Abstract 580: Lung Cancer Chemotherapy Agents Increase Procoagulant Activity via Protein Disulfide Isomerase-Dependent Tissue Factor Decryption
Background: Lung cancer patients undergoing chemotherapy have an elevated risk for thrombosis. However, the mechanisms by which chemotherapy agents increase the risk for thrombosis remains unclear.
Objectives: To determine the mechanism(s) by which lung cancer chemotherapy agents cisplatin, carboplatin, gemcitabine, and paclitaxel elicit increased tissue factor (TF) activity on endothelial cells, A549 cells, and monocytes.
Methods: TF activity, TF antigen, and phosphatidylserine exposure were measured on chemotherapy-treated human umbilical vein endothelial cells (HUVEC), A549 cells, and monocytes. Cell surface protein disulfide isomerase (PDI) and cell surface free-thiol levels were measured on HUVEC and A549 non-small cell lung carcinoma cells.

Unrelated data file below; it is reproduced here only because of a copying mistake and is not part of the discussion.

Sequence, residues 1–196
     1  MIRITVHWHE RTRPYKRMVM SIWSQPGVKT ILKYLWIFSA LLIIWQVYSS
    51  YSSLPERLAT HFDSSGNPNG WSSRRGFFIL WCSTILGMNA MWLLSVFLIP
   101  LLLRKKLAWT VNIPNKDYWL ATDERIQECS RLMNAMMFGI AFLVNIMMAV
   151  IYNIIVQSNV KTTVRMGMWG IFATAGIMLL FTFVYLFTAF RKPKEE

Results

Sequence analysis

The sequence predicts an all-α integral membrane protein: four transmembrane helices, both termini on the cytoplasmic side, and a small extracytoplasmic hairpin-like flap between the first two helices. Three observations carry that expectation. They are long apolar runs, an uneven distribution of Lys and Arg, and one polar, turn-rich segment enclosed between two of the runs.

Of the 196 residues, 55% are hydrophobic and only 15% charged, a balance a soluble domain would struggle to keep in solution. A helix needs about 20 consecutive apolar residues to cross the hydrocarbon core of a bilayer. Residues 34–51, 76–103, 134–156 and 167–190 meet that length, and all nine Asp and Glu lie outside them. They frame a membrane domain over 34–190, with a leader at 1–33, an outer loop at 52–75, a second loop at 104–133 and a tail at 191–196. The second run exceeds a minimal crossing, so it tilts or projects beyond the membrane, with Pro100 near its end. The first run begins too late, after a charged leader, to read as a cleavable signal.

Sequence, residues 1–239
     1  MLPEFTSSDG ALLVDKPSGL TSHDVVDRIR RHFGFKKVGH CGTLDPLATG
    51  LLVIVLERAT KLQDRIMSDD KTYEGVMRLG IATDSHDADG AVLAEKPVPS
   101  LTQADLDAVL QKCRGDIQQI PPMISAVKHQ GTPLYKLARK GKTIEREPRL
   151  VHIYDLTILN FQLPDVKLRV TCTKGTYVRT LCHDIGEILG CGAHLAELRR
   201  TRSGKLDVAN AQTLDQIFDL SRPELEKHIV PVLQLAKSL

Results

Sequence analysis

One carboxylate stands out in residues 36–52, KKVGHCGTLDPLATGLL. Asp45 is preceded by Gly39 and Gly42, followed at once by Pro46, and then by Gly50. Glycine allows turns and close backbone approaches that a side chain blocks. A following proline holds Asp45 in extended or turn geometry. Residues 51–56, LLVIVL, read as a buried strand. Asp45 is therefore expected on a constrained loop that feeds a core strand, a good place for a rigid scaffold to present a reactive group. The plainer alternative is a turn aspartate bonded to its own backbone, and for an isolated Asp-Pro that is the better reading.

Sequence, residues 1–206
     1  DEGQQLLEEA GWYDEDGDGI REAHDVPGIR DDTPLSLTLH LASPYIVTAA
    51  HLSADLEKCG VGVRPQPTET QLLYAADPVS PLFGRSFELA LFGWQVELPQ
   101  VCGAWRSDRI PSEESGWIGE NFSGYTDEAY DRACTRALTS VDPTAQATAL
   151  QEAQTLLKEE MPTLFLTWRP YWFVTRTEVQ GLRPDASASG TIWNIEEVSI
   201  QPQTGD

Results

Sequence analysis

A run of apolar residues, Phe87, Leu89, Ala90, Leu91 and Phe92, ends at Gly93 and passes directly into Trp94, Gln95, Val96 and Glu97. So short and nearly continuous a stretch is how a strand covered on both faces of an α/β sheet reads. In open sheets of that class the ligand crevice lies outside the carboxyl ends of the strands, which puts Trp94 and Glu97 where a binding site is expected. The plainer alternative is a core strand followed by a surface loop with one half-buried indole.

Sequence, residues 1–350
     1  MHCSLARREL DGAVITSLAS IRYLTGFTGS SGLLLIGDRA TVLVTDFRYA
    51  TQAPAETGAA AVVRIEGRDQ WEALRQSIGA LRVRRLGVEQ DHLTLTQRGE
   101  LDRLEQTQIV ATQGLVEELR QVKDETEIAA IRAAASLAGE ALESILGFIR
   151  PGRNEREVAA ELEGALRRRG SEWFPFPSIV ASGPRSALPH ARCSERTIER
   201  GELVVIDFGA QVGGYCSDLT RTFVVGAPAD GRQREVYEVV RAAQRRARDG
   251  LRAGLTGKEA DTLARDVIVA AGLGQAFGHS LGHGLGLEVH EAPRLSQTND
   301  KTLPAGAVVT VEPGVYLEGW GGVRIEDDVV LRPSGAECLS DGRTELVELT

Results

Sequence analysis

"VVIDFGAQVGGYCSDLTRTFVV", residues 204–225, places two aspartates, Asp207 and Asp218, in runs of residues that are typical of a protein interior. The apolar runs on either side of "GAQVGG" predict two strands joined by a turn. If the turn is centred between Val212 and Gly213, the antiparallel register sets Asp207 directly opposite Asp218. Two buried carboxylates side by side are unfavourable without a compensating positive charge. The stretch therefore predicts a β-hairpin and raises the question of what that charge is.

Results: Treatment of HUVECs, A549 cells, and monocytes with lung cancer chemotherapy significantly increased cell surface TF activity. However, elevated TF antigen levels were observed only on cisplatin- and gemcitabine-treated monocytes. Cell surface levels of phosphatidylserine were increased on HUVEC and monocytes treated with cisplatin/gemcitabine combination therapy. Chemotherapy also resulted in increased cell surface levels of PDI and reduced cell surface free thiol levels. Glutathione treatment and PDI inhibition, but not phosphatidylserine inhibition attenuated TF activity. Furthermore, increased TF activity was reversed by reducing cysteines with dithiothreitol.
Conclusions: These studies are the first to demonstrate that lung cancer chemotherapy agents increase procoagulant activity on endothelial cells, blood monocytes, and A549 cells by TF decryption through a disulfide bond formation in a PDI-dependent mechanism.
Author Disclosures: Z. Lysov: None. L. Swystun: None. S. Kuruvilla: None. A. Arnold: None. P. Liaw: None.
- © 2014 by American Heart Association, Inc.